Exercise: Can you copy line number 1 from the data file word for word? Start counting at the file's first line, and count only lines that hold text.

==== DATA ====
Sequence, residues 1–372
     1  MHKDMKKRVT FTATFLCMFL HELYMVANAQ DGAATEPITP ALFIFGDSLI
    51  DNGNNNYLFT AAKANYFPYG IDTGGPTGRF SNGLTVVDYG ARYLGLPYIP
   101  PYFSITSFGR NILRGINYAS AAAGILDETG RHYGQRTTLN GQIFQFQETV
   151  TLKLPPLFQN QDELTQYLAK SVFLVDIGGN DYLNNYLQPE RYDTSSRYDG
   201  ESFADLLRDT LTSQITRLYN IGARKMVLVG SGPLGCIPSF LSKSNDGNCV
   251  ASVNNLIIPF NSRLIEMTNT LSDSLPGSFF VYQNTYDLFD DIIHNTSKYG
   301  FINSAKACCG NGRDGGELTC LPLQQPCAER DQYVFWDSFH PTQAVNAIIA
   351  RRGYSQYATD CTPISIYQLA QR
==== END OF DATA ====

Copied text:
Sequence, residues 1–372